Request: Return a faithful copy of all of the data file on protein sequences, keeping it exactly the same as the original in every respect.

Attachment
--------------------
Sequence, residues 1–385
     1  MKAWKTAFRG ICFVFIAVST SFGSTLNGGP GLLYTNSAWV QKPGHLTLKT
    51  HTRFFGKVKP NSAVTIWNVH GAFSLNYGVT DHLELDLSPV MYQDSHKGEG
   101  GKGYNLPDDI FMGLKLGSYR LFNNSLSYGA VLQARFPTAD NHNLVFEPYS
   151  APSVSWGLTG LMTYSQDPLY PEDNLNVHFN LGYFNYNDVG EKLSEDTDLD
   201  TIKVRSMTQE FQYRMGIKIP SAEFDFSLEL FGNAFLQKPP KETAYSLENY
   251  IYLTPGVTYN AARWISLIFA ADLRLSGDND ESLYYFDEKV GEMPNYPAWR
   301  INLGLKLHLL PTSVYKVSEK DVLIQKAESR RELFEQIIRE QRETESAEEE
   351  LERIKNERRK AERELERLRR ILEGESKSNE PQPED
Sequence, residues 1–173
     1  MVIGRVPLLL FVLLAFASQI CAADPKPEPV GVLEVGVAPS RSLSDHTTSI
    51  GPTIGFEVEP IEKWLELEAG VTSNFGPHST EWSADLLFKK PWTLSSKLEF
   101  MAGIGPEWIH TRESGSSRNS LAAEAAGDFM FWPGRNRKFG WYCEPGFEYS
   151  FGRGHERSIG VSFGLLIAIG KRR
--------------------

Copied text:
Sequence, residues 1–385
     1  MKAWKTAFRG ICFVFIAVST SFGSTLNGGP GLLYTNSAWV QKPGHLTLKT
    51  HTRFFGKVKP NSAVTIWNVH GAFSLNYGVT DHLELDLSPV MYQDSHKGEG
   101  GKGYNLPDDI FMGLKLGSYR LFNNSLSYGA VLQARFPTAD NHNLVFEPYS
   151  APSVSWGLTG LMTYSQDPLY PEDNLNVHFN LGYFNYNDVG EKLSEDTDLD
   201  TIKVRSMTQE FQYRMGIKIP SAEFDFSLEL FGNAFLQKPP KETAYSLENY
   251  IYLTPGVTYN AARWISLIFA ADLRLSGDND ESLYYFDEKV GEMPNYPAWR
   301  INLGLKLHLL PTSVYKVSEK DVLIQKAESR RELFEQIIRE QRETESAEEE
   351  LERIKNERRK AERELERLRR ILEGESKSNE PQPED
Sequence, residues 1–173
     1  MVIGRVPLLL FVLLAFASQI CAADPKPEPV GVLEVGVAPS RSLSDHTTSI
    51  GPTIGFEVEP IEKWLELEAG VTSNFGPHST EWSADLLFKK PWTLSSKLEF
   101  MAGIGPEWIH TRESGSSRNS LAAEAAGDFM FWPGRNRKFG WYCEPGFEYS
   151  FGRGHERSIG VSFGLLIAIG KRR